When my son was born we soon knew he was more than a typical baby. He could hold up his body weight on his legs and roll over at 3 days old. He was always too strong. As an early intervention therapist, I was worried. I had my son’s pediatrician check his range of motion and muscle tone. He assured me that he was fine. He was a happy baby, (once we figured out feeding issues). He slept through the night at 6weeks old! He was often just “more” He moved all the time. He constantly made noises. Grunts and squeaks while taking a bottle, he always woke up “singing”, vocalizing open vowel sounds. You could not ignore him! As he grew he continued to just be “more”.
As a one-year-old, he met all his physical milestones on time and continued to constantly make noises. He talked and used sign language, understood everything he should. He continued to be “more”. He laughed harder, cried louder, moved and climbed more, explored EVERYTHING!! If something upset him, he was difficult to console. His reactions were not what you would expect for the stimulus, in other words, he often “overreacted”.
All this continued, then the terrible two’s hit! OH MY!! He continued to be sweet, social and charming. We knew there were some sensory concerns, but nothing seemed too extreme. He didn’t like to have messy hands, (we worked on that for a long time with sensory activities). As soon as he was able, he told me that he only liked “soft pants”. His reactions when upset were so much more than typical. Not everyone thought it was out of the ordinary, but I knew these reactions were not the usual toddler tantrums. We did realize that he struggled with transitions. It was so hard to leave a place, even if he wanted to go where we were going. Entering a location was just as tough sometimes. Most people did not understand why I couldn’t “control” my child as if I was completely responsible for his feelings, emotions, and how he coped or didn’t cope. I knew that my son was struggling, but I had no idea how to really help him. I had read everything I could find about toddlers. While some of it helped a very small amount, most of it did not.
Finally, I learned that his reactions, while more than typical, were still in the realm of normal. I learned that the brain releases chemicals and hormones in response to situations. Some people’s brains release more chemicals and hormones than others. As adults, these people are often described as passionate, hot-tempered, sensitive, etc. As children, they are often labeled with words that are not nearly as kind. These children need compassion and understanding. They need more time to process their feelings and emotions. They need kindness and love.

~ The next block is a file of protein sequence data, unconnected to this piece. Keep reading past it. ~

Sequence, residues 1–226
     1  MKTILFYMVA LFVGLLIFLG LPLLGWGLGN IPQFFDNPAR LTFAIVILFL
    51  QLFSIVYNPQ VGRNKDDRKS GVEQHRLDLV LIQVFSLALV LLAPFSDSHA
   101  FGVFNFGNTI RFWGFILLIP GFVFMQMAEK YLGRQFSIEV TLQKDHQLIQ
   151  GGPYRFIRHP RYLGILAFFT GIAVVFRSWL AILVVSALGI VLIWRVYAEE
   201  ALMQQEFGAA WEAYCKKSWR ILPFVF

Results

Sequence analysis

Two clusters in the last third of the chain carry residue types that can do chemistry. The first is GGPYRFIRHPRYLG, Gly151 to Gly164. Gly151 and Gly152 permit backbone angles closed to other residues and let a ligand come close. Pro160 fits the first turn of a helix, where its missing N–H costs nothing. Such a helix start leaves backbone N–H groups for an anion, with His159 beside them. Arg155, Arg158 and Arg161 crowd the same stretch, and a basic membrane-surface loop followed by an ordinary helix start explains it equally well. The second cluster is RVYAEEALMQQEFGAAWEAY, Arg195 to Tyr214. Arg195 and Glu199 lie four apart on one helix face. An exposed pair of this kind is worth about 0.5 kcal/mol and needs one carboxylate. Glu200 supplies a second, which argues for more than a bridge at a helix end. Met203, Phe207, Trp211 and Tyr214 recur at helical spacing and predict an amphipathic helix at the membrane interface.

We spent a lot of time on labeling and identifying emotions. We worked on self-calming techniques such as deep breathing. We created a calming corner in the living room and made sure he felt safe in his bedroom. We requested that his daycare to create a calming corner. We explained the calming techniques to his caregivers. It took a lot of understanding and investigating of triggers. He was not aggressive, although many children like him are because it works for them. Not because they are “bad” kids or have been taught badly, but at 2 and 3yrs old aggression is effective towards other kids. When you cannot communicate effectively physical reactions are normal. (Think about how many adults cannot control their temper, kids have strong feelings too, and do not have the cognitive skills to make better decisions.) Sometimes we just had to wait until he was finished crying and could move on to whatever was next. I learned that in the grocery store, he would cry for the first 5-10min, then he was fine. He always cried leaving church, until we got down the stairs inside, then he was happy to run across the large foyer. As parents, we knew that we just had to stay calm and give him time and space to calm down. We knew we were doing everything we could to help him. We knew it was going to take time for him to grow and mature enough that he could handle his emotions. We often got the same advice from others, they were trying to help, and their advice would probably work well for most kids, but we knew what worked for ours.
We often felt alone in this. We didn’t see other kids reacting this way, mostly because we were too busy caring for ours to notice. I have since spoken with many parents that have a child just like ours. They feel alone or blamed for the way their child struggles. They don’t know where to go for help and find themselves re-inventing the wheel on how to help their child. I want to reach out to other parents. I want them to know that they are not alone. I want to share what I have learned so that they do not have to struggle as hard. Sometimes just knowing that you are not to blame takes away so much stress that you can be a much more effective parent. You can remind yourself, in those difficult moments, that you are not the cause. You are not making mistakes. You did not make your child “like this”. These children just need us to be understanding and empathetic. It’s not easy to stay calm and patient when your young child is out of control, but knowing that all they need is love and kindness makes it so much easier to be loving and kind.